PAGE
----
In addition to supporting Harvard Law School, Rappaport has been a strong supporter of the Harvard Kennedy School where he received a M.P.A. in 1963. He was also an important benefactor of Harvard University, including establishing the Rappaport Institute for Greater Boston in 2000. The University-wide entity, housed at the Kennedy School, works to improve the governance of Greater Boston by strengthening connections among the region’s scholars, students, and civic leaders. The Rappaport Institute also hosts a summer fellowship program, which is open to graduate students from throughout the Boston area, and the Boston Urban Scholars Program, which has, to date, provided full-tuition scholarships to more than 50 elected and appointed officials from Greater Boston to attend HKS’s mid-career master’s program.  Alumni include state legislators, mayors, and policymakers working at every level of state and local government.

Rappaport’s philanthropy extends beyond the Harvard campus to other organizations, including Boston College Law School, Massachusetts General Hospital, Brigham and Women’s Hospital, McLean Hospital, the deCordova Museum and Sculpture Park, and the Atlantic Classical Orchestra. He and his wife, Phyllis, who chairs the family’s foundation, also co-founded the Cure Alzheimer’s Fund. All told, they have supported the education of more than 700 current and emerging leaders through partnerships with local academic and artistic institutions, including public policy fellows, medical research fellows, and art prize winners.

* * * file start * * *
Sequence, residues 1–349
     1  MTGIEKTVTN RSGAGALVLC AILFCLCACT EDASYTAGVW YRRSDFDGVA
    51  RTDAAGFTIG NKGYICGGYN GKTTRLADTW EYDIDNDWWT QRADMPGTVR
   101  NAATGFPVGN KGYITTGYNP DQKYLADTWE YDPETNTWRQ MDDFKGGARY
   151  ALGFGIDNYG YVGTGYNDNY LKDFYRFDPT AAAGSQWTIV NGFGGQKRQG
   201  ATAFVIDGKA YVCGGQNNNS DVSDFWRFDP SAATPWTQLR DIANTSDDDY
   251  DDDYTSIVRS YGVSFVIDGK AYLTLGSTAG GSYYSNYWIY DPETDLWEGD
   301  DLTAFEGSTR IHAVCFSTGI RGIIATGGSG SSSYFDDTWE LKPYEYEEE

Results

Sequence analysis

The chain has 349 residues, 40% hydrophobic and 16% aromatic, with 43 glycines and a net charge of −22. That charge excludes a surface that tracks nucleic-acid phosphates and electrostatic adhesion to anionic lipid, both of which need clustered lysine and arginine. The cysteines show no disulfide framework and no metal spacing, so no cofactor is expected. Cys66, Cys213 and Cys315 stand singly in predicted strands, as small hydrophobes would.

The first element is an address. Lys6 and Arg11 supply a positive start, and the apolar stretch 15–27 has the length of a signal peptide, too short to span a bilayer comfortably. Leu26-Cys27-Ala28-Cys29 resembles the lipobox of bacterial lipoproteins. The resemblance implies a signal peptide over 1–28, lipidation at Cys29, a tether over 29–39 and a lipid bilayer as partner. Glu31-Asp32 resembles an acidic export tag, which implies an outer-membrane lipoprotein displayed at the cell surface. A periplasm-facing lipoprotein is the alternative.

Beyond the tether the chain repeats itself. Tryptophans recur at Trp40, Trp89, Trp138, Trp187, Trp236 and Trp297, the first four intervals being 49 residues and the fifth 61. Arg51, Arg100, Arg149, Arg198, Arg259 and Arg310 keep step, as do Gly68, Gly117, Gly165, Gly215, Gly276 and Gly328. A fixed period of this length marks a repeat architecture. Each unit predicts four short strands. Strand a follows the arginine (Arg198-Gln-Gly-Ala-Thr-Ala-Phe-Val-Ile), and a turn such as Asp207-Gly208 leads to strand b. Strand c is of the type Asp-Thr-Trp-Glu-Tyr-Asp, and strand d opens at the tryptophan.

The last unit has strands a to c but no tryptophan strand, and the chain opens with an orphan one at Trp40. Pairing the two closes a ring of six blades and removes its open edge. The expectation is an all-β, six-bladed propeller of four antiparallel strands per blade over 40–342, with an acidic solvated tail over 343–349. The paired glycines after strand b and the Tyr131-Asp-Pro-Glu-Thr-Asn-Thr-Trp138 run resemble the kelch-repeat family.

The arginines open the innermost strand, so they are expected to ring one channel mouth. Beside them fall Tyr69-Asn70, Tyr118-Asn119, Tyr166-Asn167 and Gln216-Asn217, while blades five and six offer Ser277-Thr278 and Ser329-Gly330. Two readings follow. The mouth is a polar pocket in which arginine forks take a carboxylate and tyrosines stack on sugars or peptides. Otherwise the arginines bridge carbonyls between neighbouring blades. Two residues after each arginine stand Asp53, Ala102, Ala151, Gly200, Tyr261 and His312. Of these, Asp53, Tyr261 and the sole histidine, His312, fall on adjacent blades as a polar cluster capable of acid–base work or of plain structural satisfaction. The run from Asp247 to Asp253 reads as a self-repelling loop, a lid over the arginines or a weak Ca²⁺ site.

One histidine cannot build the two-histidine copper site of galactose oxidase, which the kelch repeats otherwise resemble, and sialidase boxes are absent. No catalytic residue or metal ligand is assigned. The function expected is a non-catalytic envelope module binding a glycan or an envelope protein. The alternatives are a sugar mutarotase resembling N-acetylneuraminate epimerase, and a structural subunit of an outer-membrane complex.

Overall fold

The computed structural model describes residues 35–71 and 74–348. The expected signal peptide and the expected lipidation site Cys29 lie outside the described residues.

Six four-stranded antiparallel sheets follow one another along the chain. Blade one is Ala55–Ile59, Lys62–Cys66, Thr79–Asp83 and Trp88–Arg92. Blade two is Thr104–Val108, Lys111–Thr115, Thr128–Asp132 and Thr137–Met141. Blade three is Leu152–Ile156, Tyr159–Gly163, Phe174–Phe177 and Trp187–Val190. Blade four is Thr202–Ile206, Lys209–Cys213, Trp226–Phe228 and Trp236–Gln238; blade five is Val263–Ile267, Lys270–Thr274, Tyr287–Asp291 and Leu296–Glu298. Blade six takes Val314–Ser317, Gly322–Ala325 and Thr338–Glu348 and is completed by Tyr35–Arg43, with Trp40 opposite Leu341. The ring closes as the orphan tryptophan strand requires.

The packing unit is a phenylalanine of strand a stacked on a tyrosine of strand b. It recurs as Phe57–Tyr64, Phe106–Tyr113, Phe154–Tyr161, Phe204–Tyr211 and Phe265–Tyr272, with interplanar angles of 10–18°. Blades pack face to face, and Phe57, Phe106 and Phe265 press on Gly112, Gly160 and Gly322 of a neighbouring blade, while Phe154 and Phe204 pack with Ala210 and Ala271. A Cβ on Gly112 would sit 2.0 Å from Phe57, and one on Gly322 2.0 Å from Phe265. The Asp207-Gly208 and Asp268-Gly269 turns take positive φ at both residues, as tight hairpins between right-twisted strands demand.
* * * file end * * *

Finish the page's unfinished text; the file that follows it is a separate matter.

Rappaport first advocated for Harvard Law School’s role as a venue for engaged civil discourse on the most compelling topics of the day as a student. He arrived at Harvard Law School in 1945 at age 18, having already completed three years at Harvard College, and then began his legal studies as part of an experimental combined-degree program. As described in a Harvard Law Bulletin feature, “World War II had just ended, and there was a sense of urgency and idealism in the air. While he had not fought in the war, he and many of the veterans who made up Harvard Law School’s incoming class felt a strong sense of shared responsibility to ensure that a global conflict of such magnitude would never happen again.”